At first, it was difficult to decide if the surgeries should also dispense the birth control pill. The PSVG branch in The Hague, for example, opposed the idea, saying it would be too easy for single people to get contraception. But during one lively meeting, a certain Dr. Jan Stam (family and PSVG doctor) and I managed to avoid a ban on the pill. In 1964, the Council for Church and Family had a series of meetings with the organisers of the more radical non-religious family planning organisation NVSH ( Dutch Association for Sexual Reform). In particular we talked about why we supported the setting up of PSVG surgery-hours (visiting hours) when the NVSH already existed. We convinced the NVSH that our surgery-hours had a practical reason for being - they attracted many who did not find their way to the NVSH, in particular Protestants and Catholics.

Collignon / De Volkskrant / Amsterdam

Other delicate issues 
Other somewhat sensitive issues were the location of condom dispensers, age limits on the sale of condoms and sex before marriage. In the Synod, it was noted that the last few annual reports from the Council for Church and Family did not mention sex before marriage a sin. The council, in fact, really only found unprotected sex a sin; as it would be a sin against a child, if it were to be born unwanted.

In 1966 the Council for Church and Family developed new 'guidelines for marriage', a short summary of the church position on marriage, which served as an introduction to the vows which the bride and groom make at their wedding. In that, the council said that the first and foremost reason for marriage is the love between a man and a woman - not procreation. This point of view had never before been stated so plainly in black and white. The guidelines and this position were so sensational that they drew the attention of the mainstream media, such as the VPRO tv station, as well as the religious press. With a few minor amendments, these guidelines are still in use today.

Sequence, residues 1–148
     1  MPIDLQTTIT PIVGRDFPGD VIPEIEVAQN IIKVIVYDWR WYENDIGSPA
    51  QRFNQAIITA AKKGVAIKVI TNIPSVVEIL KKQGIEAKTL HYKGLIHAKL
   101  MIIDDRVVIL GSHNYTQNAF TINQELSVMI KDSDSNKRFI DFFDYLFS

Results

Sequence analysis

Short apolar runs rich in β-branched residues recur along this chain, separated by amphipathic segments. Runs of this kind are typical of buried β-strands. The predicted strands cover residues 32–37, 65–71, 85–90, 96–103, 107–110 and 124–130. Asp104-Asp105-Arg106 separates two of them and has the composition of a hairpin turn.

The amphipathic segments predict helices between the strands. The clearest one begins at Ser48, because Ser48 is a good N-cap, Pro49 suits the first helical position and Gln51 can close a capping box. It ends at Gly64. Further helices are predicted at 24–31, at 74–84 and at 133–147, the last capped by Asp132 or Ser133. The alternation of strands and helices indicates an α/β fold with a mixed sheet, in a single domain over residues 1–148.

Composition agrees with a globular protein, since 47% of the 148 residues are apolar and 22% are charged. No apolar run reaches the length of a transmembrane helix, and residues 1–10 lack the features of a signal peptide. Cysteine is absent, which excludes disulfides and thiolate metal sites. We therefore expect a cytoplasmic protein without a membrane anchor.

After 1966 I worked on three reports on willful abortion (Abortus Provocatus). It was a problem then, and it still is, because people continue to have unprotected sex within and outside marriage.

There are more things I could list. These include the leaflet 'Before and After the Wedding Day', which the council secretary wrote in 1965 after talks with us, which included a section entitled 'Contraceptives, the Great Good'. But when it comes to the recent church history and the condom, I will leave it here.

Condoms are no longer a bone of contention for protestants
This is a summary of my contribution to the assimilation of contraceptives into society since the sexual revolution of 1930 - the Lambeth Conference. After 1980, the Council for Church and Family was disbanded. A Synod advisory body for human relationships was formed. The PSVG was no longer necessary and was disbanded as well. Doctors have taken over the job from the regional branches.

In the years that I was a member of the Synod (1980-85) I cannot remember any debate focusing on the availability and use of contraceptives. The Synod had other causes of concern, such as nuclear power and nuclear weapons, the Third World and secularisation. 
Aids had not yet reared its ugly head.

august 1999

recent Church history and the condom
a personal story by
The Rev. Jan A. van Boven

assisted by Mr. Colin Vrieze, Leiden, The Netherlands
Final editing by Mrs. Lillian Kolker - Het Filiaal - Breda, The Netherlands
English translation, Mrs. Robin Pascoe - Post Script Productions - Amsterdam, The Netherlands
Editing English, Mrs. Kathryn Wentzel - Home Abroad - Amsterdam, The Netherlands
Design: Henk Langeveld, Amsterdam, The Netherlands
Fonts: New Times Roman PS MT

Special thanks to Mr. Han Ketting, secretary of the PSVG


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tel: (31-20) 6274174
fax: (31-20) 6389265


First published in The Netherlands on the website of the Condomerie: - December 1, 1999
Published by The Condomerie
Copyright by The Rev. Jan A. van Boven / Condomerie Het Gulden Vlies, August 20,1999
All rights reserved.